2 posts tagged Gruyere cheese
It felt appropriate to share with you a cheesy, French food after reviewing two Eiffel Tower shaped cheese graters. It had been a long time since I had enjoyed a Croque Monsieur, but now after practically licking my plate clean after this one I don’t think I’ll wait so long until I make them again.
I first turned to Ina Garten’s recipe when looking for a guide. After reviewing it I continued to look for others and found a surprise. Quite a few blogs claim this recipe to be their own, even though the ingredients, methods and wording are exactly the same. Makes 8 sandwiches.
- 2 tablespoons unsalted butter
- 3 tablespoons all-purpose flour
- 2 cups milk
- 1 teaspoon kosher salt
- 1/2 teaspoon freshly ground black pepper
- Pinch of nutmeg
- 12 ounces Gruyère cheese, grated (5 cups)
- 1/2cup freshly grated Parmesan cheese
- 16 slices white sandwich bread
- Dijon mustard
- 8 ounces baked Virginia ham, sliced but not paper thin
Preheat the oven to 400 degrees.
Melt the butter over low heat in a small saucepan and add the flour all at once, stirring for 2 minutes. Add the milk and whisk it constantly until the sauce is thickened. Off the heat add the salt, pepper, nutmeg, ½ cup grated Gruyère, and the Parmesan and set aside.
To toast the bread, place the slices on two baking sheets and bake for 5 minutes. Turn each slice and bake for another 2 minutes, until toasted.
Lightly brush half the toasted breads with mustard, add a slice of ham to each, and sprinkle with half the remaining Gruyère. Top with another piece of toasted bread. Slather the tops with the cheese sauce, sprinkle with the remaining Gruyère, and bake the sandwiches for 5 minutes. Turn on the broiler and broil for 3 to 5 minutes, or until the topping is bubbly and lightly browned. Serve hot.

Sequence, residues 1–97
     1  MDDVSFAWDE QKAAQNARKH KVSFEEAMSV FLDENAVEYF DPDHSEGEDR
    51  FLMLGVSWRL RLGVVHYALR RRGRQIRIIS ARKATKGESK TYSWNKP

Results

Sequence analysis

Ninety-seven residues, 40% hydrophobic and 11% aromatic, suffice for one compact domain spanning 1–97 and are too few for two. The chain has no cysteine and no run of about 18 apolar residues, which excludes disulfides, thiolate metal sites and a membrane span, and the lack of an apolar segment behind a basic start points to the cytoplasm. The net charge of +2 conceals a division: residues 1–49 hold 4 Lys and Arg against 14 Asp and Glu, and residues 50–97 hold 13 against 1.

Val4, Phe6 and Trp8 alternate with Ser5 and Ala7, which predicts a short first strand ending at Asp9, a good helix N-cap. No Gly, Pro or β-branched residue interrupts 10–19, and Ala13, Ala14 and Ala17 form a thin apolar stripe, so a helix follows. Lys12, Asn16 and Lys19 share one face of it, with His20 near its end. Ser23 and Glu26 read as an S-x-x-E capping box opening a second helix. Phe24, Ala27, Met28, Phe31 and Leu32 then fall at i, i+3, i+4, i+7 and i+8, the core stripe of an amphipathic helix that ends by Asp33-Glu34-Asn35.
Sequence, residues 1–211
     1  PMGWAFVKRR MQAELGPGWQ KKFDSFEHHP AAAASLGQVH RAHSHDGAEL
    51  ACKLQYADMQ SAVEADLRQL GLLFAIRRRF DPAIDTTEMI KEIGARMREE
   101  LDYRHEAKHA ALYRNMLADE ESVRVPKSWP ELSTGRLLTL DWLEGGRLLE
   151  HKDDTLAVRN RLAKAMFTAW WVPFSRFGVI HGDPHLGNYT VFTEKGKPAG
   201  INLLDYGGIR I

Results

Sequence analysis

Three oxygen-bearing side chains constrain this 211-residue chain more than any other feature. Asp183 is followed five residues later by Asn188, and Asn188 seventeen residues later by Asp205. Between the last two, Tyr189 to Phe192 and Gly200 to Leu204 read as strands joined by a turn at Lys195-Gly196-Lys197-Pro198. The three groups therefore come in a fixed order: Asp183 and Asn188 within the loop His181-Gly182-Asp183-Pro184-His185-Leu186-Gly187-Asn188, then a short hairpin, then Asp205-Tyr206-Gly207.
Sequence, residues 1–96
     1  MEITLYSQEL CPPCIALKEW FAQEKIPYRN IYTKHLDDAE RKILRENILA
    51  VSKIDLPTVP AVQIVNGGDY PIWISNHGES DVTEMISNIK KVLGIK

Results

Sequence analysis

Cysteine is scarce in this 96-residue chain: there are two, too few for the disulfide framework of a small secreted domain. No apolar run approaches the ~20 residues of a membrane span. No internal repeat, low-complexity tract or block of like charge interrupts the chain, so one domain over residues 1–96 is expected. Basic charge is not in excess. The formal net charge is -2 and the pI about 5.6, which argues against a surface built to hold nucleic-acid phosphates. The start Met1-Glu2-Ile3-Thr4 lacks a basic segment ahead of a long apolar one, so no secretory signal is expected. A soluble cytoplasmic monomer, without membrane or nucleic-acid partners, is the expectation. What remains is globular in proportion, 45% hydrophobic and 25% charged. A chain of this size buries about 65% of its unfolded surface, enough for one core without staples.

Blue ribbon cooking at home
This fairly labor-intensive dish is worth every minute. The combination of flavors is delicious and the creamy, crispy textures are sublime. I recommend that if you make it, go the extra mile and use prosciutto and gruyere cheese (rather than regular ham and Swiss).
I did some digging to find what I thought was the best recipe. I settled on this one because the ingredients and the techniques sounded good. My judgment was sound. Enjoy fine cuisine at home with chicken cordon bleu, without paying $30 per plate.
The French term Cordon Bleu is translated as “Blue Ribbon”. Adapted from a recipe by Tyler Florence of the Food Network.
- 4 boneless, skinless chicken breasts
- 8 thin slices prosciutto
- 1/2 pound Gruyere cheese, grated
- 1/4 cup all-purpose flour
- Kosher salt
- Freshly ground pepper
- 1 cup panko bread crumbs
- 4 springs fresh thyme, leaves only
- 1 clove garlic, peeled and finely minced
- 2 tablespoons unsalted butter, melted
- 2 eggs, lightly beaten
- Extra virgin olive oil
Preheat oven to 350 degrees F.
One at a time, lay chickens breast between 2 pieces of plastic wrap. Using a rolling pin or the flat side of a meat mallet, gently pound the chicken to 1/4-inch thickness. Remove the top sheet of plastic and lay 2 slices of prosciutto neatly over the top to cover the breast and sprinkle a quarter of the cheese over the prosciutto. Tuck in the sides of the breast and roll up tight like a jellyroll, keeping the plastic wrap on the exterior. Squeeze the log gently to seal and twist both ends of plastic wrap to form a nice, tight log. Repeat with remaining chicken. I did this earlier in the day and refrigerated chicken until ready to cook.
On a plate, season the flour with salt and pepper. Lightly season the eggs with salt and pepper and pour onto a second plate. Mix the bread crumbs with thyme, garlic and kosher salt, pepper, and melted butter and put on a third plate.
Remove the plastic wrap from chicken. Lightly dust the chicken with flour, roll in the egg mixture and gently coat in the bread crumbs. Lightly coat a baking pan with olive oil and carefully transfer the roulades onto it. Bake for 35 to 40 minutes until browned and cooked through. Cut into pinwheels and serve